Bone grafting for dental implant treatment
The bone in a jaw shrinks, if it is not in regular use. This is a natural process called resorption. Resorption shrinkage happens when a gap is left after a tooth has been lost. It also occurs with natural ageing and under a conventional denture. The pressure of a denture on the gums during chewing reduces the blood supply which can increase the rate of bone loss.
During the initial clinical assessment, the dentist will determine whether the patient has enough bone for implant treatment. But, insufficient bone volume or quality to support dental implants is not necessarily a problem nowadays.
Bone grafting can be used to provide a firm base to fix an implant or implants. Bone grafts can be harvested from elsewhere in the patient’s own body. But, other types of bone augmentation material can be also used. This can be synthetic, animal or human in origin.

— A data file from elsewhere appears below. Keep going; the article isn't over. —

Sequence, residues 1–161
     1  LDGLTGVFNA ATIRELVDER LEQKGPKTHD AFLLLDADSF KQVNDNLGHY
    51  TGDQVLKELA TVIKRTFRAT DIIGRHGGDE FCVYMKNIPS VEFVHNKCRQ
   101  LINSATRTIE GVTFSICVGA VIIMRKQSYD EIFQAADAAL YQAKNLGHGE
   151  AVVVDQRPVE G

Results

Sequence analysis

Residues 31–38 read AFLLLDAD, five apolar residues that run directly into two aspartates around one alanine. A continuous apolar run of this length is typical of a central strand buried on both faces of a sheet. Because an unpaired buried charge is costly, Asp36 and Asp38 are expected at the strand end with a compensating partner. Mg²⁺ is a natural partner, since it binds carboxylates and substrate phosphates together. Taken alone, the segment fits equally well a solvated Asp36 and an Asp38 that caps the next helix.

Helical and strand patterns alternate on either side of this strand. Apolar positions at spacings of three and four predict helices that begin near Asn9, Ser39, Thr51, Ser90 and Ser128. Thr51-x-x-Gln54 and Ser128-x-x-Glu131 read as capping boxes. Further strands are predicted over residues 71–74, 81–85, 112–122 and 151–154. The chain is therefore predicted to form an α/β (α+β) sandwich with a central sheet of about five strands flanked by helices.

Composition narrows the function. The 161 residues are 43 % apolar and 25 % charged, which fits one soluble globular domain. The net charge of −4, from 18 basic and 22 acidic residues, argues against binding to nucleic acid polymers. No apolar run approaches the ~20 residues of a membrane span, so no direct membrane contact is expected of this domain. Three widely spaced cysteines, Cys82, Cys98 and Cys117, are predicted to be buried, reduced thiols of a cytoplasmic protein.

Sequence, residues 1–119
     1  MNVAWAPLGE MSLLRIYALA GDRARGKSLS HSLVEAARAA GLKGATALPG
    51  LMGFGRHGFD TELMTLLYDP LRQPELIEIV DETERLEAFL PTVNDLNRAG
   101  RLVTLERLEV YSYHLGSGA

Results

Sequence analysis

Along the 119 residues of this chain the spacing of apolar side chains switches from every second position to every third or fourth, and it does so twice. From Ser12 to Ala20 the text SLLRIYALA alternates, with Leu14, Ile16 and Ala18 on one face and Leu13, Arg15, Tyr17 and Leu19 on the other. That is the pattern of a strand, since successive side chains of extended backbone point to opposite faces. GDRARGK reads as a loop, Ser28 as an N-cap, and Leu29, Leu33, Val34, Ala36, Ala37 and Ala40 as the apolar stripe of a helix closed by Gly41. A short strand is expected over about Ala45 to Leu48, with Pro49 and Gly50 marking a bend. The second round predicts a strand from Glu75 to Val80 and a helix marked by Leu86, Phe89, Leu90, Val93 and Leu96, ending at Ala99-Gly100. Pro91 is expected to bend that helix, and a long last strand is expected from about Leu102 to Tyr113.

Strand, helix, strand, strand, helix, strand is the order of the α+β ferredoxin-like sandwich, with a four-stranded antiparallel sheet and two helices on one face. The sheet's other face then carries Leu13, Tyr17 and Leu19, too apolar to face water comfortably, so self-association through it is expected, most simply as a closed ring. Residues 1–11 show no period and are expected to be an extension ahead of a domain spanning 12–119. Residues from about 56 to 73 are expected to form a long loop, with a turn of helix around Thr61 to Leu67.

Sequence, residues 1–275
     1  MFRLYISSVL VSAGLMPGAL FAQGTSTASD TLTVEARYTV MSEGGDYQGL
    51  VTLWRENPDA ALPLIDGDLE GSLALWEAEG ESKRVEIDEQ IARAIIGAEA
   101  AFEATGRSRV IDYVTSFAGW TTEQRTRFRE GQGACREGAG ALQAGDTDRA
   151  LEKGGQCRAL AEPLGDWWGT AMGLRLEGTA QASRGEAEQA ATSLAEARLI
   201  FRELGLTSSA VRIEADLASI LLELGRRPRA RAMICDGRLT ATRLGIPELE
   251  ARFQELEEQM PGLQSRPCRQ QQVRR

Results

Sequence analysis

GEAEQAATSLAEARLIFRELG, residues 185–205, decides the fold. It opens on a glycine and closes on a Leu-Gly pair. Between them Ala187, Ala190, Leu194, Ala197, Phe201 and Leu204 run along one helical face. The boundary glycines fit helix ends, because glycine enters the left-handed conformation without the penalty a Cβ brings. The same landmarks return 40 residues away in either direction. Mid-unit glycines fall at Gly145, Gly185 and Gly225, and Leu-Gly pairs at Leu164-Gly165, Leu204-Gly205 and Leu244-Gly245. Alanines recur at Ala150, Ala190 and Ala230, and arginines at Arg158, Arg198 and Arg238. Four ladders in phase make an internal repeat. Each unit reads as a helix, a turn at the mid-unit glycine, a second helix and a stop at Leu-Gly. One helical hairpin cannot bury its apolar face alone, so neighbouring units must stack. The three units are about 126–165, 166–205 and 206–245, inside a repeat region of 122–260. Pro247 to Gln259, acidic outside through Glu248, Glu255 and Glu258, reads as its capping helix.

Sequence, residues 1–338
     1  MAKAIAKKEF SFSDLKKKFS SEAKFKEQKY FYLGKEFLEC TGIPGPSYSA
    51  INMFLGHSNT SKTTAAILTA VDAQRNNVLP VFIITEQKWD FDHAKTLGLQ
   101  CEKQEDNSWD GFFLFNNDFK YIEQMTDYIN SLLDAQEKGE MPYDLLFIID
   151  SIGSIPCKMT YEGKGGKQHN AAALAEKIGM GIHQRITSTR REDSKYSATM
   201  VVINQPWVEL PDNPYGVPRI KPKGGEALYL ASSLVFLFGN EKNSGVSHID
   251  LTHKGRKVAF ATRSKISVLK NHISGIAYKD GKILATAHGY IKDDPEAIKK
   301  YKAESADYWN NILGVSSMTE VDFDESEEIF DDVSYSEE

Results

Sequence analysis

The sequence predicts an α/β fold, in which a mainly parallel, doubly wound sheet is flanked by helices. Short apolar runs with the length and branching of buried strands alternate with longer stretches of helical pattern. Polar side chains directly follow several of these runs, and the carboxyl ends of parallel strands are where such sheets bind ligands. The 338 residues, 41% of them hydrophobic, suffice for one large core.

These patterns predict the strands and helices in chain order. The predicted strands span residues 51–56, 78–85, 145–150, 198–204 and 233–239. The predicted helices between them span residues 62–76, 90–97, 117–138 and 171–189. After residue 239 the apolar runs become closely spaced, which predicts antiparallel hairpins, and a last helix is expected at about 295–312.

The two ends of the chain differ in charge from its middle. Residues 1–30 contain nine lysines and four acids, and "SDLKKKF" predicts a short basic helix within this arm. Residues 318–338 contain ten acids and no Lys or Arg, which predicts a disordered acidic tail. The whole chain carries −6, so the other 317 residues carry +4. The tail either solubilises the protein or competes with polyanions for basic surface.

Types of bone grafting surgery associated with dental implant treatment include:
- Autogenous bone graft
- Bone ring graft
- Block bone graft
- Alveolar ridge expansion
- Guided bone regeneration
- Bone augmentation (synthetic or bovine)
- Sinus lift
- Sinus augmentation
Bone grafting procedures must be carried out by a competent dental practitioner or oral surgeon. If you think you might need a bone graft, in conjunction with implant treatment, consult a dentist.
Page compiled with assistance from Dr Sharad Patel